Mr Conway, 67, has motor neurone disease. He is slowly being entombed in his own body. He seeks a release from a slow, painful death, in which he will suffer physically and psychologically as he falls into a zombie-like condition.
Few could fail to be moved by his plight. And it is Mr Conway’s suffering that should be at the heart of public debate.
If the retired college lecturer finds a doctor willing to help him die, the GP could face up to 14 years in prison. And so he is challenging the courts, three years on from the last major Supreme Court battle, to provide an empathetic judgement that respects his wish to die with dignity.
The plight of Mr Conway is horrific. A fit man from Shrewsbury who loved the outdoors, he is succumbing to his own worst fears while those who make and uphold our laws refuse to intervene. There is, it would seem, no compassion. There is little empathy. Though his is clearly a case where intervention might be acceptable, the law refuses to budge.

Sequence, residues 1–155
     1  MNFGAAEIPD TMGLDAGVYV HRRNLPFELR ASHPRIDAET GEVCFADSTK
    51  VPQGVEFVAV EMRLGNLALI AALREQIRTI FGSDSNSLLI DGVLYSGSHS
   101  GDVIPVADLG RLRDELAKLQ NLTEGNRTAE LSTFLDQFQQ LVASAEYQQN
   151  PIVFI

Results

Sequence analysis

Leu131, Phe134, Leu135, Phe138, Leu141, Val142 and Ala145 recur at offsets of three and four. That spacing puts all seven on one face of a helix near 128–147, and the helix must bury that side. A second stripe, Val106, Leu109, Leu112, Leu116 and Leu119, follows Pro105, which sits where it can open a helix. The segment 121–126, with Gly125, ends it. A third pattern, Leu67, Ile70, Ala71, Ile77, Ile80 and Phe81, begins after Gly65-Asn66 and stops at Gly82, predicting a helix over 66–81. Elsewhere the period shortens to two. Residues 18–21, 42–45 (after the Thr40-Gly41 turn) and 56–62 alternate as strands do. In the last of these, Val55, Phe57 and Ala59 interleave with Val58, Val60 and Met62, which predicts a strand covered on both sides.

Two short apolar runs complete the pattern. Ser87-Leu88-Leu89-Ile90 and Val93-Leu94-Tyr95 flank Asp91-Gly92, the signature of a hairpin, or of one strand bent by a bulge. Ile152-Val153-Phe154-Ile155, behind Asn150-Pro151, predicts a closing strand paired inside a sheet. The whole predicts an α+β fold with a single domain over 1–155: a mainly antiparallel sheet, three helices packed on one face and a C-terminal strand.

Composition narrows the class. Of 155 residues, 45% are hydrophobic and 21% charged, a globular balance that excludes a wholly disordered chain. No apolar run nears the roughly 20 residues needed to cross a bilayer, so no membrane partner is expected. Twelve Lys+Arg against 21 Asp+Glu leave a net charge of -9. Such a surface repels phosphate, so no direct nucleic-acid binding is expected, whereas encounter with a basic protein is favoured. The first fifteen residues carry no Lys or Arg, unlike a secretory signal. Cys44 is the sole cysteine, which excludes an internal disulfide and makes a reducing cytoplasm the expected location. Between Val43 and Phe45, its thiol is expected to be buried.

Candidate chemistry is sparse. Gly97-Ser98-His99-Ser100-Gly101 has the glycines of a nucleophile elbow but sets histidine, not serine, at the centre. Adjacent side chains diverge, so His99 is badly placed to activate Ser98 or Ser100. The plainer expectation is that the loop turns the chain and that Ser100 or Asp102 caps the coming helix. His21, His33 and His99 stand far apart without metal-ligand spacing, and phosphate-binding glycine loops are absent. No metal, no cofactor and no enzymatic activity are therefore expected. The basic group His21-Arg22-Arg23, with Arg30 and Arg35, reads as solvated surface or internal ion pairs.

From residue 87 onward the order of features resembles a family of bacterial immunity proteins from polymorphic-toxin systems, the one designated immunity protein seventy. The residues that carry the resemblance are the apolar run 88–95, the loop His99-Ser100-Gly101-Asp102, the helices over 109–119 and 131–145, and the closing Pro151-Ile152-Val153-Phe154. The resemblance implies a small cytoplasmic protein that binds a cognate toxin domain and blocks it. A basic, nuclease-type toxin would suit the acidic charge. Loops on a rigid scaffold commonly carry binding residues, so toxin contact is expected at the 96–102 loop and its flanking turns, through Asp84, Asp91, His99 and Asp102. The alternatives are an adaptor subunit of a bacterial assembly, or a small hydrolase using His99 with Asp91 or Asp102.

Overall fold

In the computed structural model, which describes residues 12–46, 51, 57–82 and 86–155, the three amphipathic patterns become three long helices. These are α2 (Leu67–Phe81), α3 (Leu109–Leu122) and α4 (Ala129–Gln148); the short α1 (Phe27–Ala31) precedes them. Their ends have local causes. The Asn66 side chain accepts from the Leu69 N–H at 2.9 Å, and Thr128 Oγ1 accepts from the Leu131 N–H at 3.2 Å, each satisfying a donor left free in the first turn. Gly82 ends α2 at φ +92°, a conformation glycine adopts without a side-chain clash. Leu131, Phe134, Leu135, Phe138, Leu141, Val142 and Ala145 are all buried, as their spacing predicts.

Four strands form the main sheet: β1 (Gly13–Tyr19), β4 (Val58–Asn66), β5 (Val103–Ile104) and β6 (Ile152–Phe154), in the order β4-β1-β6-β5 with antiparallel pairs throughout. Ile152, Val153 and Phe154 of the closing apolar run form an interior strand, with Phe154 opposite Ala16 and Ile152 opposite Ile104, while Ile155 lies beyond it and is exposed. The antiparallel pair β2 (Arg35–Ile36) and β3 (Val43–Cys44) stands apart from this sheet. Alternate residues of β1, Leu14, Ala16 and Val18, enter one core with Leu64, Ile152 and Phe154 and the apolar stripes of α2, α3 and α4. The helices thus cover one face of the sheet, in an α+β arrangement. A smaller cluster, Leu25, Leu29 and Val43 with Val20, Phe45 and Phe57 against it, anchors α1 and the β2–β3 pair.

And given the slow pace at which our legal system moves when a judgement is finally arrived at, Mr Conway might not be in a fit state to respond as he might wish.
The law has been challenged on numerous occasions by people who seek a dignified end to lives that are not worth living. The severely ill and disabled whose lives are near an end seek a compassionate release from their suffering and pain. And while there are compelling arguments both for and against assisted suicide, a great moral weight rests with those who are experiencing the daily trauma of a painful and futile life.
It is quite right that Mr Conway is bringing his challenge and we must hope for greater clarity from the legal profession. We must also hope that those who might in other cases have a professional detachment from legal issues will engage fully and demonstrate empathy and kindness.
Assisted suicide is illegal under English law, yet some have flown to Switzerland in order to make a last, meaningful decision in their lives.
Mr Conway has the sympathy of every man and woman. The court must listen to him seriously when it assesses whether he should have the right to die.